Think Link 95%+

If you have been following the story of Triptioc’s ‘Think Link’ you will know that David Riley very quickly created the core concept and every since has been responding to feedback and ideas from staff and students every since, all in his time. And with each new revision I took it back to the classroom for testing. Colour, text font and size, to snap into place or not to snap into place, live editing and of cause Mollie’s recommendation to add a notes feature. Well, the perhaps the last challenge is whether or not to lock groups of hex’s in place for moving them. The final dilemma spun out of a challenging conversation with the veritable James Michie (@jamesmichie)and David Didau (@learningspy). These gentlemen always keeping me focused, keep me pushing forward. The question – whether or not connections should indeed be limited to a fixed number, further more why six or even eight for example.

There was more to this conversation than shared here, with James and David there always it, but it certainly raises a key point for Think Link. That said, to date I have only experienced one debate whether 6 connections was challenged. Indeed the debate that ensured, which of the seven items deserved greater importance, was in fact the highlight of the lesson. The ‘unplanned’ debate most probably and affirmed the students understanding more than the originally task. But I fully coincide to James excellent observation. So, to the latest update. Think Link with notes and editable colour.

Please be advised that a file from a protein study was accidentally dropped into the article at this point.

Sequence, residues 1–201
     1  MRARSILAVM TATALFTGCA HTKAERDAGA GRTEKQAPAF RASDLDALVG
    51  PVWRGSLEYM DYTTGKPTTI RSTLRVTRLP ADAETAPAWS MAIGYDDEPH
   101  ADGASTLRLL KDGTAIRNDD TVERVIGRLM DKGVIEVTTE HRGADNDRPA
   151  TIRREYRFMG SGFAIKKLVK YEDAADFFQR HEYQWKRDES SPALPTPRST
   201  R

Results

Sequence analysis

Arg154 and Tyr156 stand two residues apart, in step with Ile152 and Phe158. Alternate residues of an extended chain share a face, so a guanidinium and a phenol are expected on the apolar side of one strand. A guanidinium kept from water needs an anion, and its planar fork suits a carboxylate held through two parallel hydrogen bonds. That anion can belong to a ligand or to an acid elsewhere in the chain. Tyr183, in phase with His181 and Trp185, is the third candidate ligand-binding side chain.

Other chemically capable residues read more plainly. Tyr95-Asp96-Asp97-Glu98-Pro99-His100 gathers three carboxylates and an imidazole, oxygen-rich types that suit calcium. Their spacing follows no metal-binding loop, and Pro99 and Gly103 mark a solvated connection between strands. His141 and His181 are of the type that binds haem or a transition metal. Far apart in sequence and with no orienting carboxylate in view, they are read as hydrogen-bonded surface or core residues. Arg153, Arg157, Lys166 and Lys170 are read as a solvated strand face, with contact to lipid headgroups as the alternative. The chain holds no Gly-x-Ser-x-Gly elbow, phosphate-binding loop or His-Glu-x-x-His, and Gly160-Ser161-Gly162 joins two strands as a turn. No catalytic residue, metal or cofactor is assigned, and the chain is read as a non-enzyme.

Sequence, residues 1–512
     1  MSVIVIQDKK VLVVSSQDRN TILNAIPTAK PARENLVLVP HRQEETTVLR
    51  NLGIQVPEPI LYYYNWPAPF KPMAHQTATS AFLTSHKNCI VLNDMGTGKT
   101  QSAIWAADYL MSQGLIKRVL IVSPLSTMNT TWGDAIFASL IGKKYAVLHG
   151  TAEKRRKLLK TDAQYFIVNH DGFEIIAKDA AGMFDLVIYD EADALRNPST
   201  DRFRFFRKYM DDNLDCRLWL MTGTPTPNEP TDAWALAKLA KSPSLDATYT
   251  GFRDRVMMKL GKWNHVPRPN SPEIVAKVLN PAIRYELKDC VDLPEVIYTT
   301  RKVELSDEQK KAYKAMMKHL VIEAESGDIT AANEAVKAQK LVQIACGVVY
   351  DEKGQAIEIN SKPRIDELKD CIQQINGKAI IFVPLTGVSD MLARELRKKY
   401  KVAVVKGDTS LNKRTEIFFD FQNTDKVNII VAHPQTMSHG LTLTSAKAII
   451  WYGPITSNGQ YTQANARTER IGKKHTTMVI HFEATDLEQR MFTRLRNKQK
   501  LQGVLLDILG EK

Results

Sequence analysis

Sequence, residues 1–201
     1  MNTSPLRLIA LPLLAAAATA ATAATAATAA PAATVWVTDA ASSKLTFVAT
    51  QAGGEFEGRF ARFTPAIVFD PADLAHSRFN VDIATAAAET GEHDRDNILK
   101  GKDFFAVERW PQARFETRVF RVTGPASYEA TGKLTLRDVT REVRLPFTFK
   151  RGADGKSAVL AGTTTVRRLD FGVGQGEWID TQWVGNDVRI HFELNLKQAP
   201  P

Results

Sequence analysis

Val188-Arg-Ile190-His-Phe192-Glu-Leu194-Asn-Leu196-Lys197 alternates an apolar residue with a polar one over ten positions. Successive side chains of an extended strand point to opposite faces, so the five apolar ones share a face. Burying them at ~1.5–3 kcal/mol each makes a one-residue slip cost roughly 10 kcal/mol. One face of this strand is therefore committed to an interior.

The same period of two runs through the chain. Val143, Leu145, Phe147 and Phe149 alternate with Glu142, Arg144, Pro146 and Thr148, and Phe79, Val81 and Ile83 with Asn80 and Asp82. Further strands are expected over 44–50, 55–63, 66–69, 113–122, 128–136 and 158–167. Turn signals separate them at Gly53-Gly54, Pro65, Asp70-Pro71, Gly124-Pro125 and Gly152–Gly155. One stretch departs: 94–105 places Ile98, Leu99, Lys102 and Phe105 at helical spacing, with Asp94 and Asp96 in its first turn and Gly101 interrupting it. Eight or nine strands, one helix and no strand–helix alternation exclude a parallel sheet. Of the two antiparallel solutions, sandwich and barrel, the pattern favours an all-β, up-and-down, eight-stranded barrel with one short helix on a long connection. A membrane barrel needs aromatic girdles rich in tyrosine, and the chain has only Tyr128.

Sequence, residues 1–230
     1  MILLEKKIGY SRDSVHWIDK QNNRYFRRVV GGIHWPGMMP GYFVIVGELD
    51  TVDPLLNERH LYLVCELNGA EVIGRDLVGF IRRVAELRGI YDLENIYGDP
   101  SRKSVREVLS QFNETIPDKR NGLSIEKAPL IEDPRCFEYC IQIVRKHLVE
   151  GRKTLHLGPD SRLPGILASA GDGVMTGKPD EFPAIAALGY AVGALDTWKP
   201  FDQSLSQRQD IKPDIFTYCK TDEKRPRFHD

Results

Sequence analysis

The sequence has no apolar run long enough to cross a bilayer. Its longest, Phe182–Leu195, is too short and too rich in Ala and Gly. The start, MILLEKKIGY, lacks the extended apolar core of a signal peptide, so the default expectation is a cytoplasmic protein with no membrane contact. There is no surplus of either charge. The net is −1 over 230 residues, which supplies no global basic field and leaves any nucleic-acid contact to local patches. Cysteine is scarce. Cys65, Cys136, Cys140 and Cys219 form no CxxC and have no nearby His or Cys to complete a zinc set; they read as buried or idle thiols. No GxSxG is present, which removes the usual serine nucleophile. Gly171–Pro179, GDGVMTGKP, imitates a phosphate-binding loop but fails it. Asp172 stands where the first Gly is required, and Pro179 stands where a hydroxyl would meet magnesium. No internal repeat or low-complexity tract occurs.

Now just for one last chance use. Harry our 3 year old asked to help me with this post. I said he could in just a moment. He replied with

Do you know how to spell me name? H – A – R – R – Y.

Looks like we are off to test Think Link as a spelling tool?

Harry’s verdict – ‘It was great.’

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RT @johnjohnston: Nick Jackson @largerama at Hack to the Future #h2df

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